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Thus a child beginning the study of Euclid, while he may contrive to get some notion of the first three propositions of the first book, finds himself hopelessly lost in the mazes of the fourth, fifth, and seventh.
In the second place, Euclid's method of reasoning makes, too large a demand on the powers of a beginner to supply those links in the chain which are understood instead of being expressed. Thus when a child reads : “ Because A is the centre of the circle, AB is equal to AC," his mind fails to supply the missing link in the syllogism, that “all radii of the same circle are equal”; and so he fails to see that the conclusion follows from the premisses.
In the third place, the various editions of Euclid do not help the learner to apply any power of geometrical reasoning he may attain. True, they generally contain deductions to be worked out, but these are given at the end of Euclid's text, and need some intermediate exercises to give the pupil power over them.
Having, as I believed, discovered why Euclid proved so difficult and distasteful, I tried to find a remedy. The problem before me was how to retain Euclid's numbering of the propositions, and Euclid's proofs, and at the same time to make his Elements a more satisfactory book for school use. Gradually I adopted the plan developed in this little book, and found that it acted like a charm. From being the driest and most distasteful lesson of the week, Euclid became one of the pleasantest; difficulties seemed to vanish; and the results exceeded my most sanguine expectations.
I begin, as directed, on page 9 by giving the pupils some acquaintance with geometric terminology, by means of cardboard figures, so that when they meet with such words as angle, triangle, parallel lines, parallelogram, rectilinear, bisection, perpendicular, and so on, they are only meeting with old friends; ncthing gives a child so much confidence in entering on a new subject, as to find he already knows something about it.
I then introduce them to a simple syllogism as on page 10; then to a geometric syllogism, then to a chain of such syllogisms in a simple proposition, quite within the powers of any child beginning the subject. In the earlier problems of Euclid brought before their notice, the syllogisms are first written out in full; and the pupil discovers that each proof is merely a chain—longer or shorter-of simple syllogisms, such as he can readily understand. The procf is then given in contracted syllogisms as nearly as possible in the words of Euclid.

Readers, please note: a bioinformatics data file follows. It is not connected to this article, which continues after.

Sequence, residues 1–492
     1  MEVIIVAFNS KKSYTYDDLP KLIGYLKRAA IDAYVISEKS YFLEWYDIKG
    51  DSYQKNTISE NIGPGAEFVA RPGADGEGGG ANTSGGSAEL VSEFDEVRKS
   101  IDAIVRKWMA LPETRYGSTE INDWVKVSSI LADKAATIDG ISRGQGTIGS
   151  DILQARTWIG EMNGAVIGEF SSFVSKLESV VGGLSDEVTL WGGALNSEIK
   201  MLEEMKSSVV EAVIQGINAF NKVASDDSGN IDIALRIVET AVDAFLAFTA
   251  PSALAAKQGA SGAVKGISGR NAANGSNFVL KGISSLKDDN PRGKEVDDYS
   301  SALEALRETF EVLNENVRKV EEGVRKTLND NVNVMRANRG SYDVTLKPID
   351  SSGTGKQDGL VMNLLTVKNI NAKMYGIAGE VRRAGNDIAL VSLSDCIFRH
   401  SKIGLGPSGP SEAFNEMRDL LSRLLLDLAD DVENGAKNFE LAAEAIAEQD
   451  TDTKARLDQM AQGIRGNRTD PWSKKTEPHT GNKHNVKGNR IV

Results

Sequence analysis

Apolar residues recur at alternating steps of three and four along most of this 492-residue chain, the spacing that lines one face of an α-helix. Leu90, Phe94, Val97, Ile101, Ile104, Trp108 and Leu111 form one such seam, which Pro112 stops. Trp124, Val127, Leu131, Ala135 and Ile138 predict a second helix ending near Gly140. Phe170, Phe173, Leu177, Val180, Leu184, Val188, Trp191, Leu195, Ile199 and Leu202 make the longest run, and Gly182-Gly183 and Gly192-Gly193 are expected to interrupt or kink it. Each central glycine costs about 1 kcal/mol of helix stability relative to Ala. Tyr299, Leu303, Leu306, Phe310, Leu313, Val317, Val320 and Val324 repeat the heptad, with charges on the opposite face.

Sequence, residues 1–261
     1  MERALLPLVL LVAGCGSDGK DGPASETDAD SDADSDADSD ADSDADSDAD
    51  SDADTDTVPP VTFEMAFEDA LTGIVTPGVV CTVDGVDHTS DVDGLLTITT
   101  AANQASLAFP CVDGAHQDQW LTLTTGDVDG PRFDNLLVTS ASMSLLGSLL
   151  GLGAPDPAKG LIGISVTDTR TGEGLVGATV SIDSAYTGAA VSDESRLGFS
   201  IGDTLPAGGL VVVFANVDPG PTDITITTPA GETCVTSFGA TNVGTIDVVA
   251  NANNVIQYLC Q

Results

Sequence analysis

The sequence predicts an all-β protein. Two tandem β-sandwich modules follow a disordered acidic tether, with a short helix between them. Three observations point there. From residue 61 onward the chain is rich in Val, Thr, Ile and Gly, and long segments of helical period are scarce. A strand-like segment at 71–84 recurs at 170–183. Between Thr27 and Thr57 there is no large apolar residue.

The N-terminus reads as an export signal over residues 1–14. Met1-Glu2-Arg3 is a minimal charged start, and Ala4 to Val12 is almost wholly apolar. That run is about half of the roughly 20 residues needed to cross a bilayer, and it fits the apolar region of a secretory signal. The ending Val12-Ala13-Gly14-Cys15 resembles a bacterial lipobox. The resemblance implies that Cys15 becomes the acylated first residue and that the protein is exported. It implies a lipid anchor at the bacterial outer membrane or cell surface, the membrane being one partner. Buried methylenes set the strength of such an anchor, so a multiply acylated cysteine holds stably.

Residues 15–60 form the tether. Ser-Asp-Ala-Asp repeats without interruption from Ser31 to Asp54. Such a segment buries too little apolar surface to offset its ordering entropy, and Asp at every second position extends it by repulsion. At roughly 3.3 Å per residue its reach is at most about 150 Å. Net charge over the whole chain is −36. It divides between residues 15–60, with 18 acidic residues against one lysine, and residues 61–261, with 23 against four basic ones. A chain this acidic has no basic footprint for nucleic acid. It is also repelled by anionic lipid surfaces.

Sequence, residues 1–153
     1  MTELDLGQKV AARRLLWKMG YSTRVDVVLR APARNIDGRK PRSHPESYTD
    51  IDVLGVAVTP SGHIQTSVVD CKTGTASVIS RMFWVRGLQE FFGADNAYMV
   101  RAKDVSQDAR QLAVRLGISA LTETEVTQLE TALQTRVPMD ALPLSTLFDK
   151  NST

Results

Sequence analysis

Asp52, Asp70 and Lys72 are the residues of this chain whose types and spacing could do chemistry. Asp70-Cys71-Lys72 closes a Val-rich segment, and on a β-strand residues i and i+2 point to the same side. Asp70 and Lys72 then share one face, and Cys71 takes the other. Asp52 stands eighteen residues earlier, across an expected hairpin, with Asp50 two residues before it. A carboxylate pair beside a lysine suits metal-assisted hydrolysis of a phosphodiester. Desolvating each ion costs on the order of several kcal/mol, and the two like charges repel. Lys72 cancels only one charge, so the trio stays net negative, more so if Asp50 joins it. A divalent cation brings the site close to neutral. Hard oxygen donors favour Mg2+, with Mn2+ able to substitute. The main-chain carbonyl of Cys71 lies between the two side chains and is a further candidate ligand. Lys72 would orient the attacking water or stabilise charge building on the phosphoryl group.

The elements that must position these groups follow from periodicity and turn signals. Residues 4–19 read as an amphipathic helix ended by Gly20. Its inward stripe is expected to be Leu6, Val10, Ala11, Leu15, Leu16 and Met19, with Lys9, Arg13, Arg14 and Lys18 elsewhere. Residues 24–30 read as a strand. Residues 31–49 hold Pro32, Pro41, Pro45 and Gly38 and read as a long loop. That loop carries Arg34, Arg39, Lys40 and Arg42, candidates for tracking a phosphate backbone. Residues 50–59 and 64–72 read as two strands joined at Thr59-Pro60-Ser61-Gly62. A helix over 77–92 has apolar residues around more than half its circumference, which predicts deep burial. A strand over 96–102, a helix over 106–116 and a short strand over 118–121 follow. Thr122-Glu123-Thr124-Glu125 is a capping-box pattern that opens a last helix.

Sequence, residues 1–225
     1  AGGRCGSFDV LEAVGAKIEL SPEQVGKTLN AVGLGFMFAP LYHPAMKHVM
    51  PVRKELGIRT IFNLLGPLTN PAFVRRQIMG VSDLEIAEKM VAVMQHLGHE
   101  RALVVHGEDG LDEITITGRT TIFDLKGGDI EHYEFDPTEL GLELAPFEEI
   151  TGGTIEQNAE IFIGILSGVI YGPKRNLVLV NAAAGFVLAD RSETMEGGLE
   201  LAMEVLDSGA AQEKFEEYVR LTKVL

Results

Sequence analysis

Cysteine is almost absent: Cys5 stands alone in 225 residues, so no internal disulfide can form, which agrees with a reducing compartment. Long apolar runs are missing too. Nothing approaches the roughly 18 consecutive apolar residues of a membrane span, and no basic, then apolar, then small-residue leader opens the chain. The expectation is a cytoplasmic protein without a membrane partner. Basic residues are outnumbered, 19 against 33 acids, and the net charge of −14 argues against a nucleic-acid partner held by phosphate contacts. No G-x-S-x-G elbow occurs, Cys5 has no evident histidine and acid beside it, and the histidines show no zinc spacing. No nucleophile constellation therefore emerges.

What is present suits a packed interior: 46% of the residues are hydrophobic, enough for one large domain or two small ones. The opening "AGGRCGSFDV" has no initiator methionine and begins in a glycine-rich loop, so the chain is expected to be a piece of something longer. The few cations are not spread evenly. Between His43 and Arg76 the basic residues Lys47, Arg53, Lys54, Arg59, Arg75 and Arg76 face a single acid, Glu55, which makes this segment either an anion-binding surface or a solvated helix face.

In the next place the book is divided into three parts. Part I. treats only of the Problems of Euclid as far as proposition 23. This is done by assuming as axioms, for the present, Euclid's fourth and eighth propositions. The problems, being much easier than the theorems, and for the most part shorter, at the same time admit of more elaborate treatment, and the pupils become thoroughly accustomed to the language and method of Euclid, before meeting with any difficult proposition.
In Part II., the theorems on the subject of angles and triangles are dealt with. Euclid's order is departed from, but Euclid's numbering is preserved, the object being to give the theorems as nearly as possible in the order of difficulty. This, at the same time, admits of a more systematic arrangement than Euclid gives. For instance, all the propositions treating of the equality of triangles are grouped together. In this part also the extended syllogisms are not given; but explanatory passages are inserted and assistance given where experience has shown them to be needed.
BEING AN INTRODUCTION TO THE STUDY
FIRST BOOK OF EUCLID'S ELEMENTS.
T. S. TAYLOR,
THE “FIRST PRINCIPLES” SERIES OF EDUCATIONAL WORKS.
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FIRST PRINCIPLES OF ENGLISH HISTORY.
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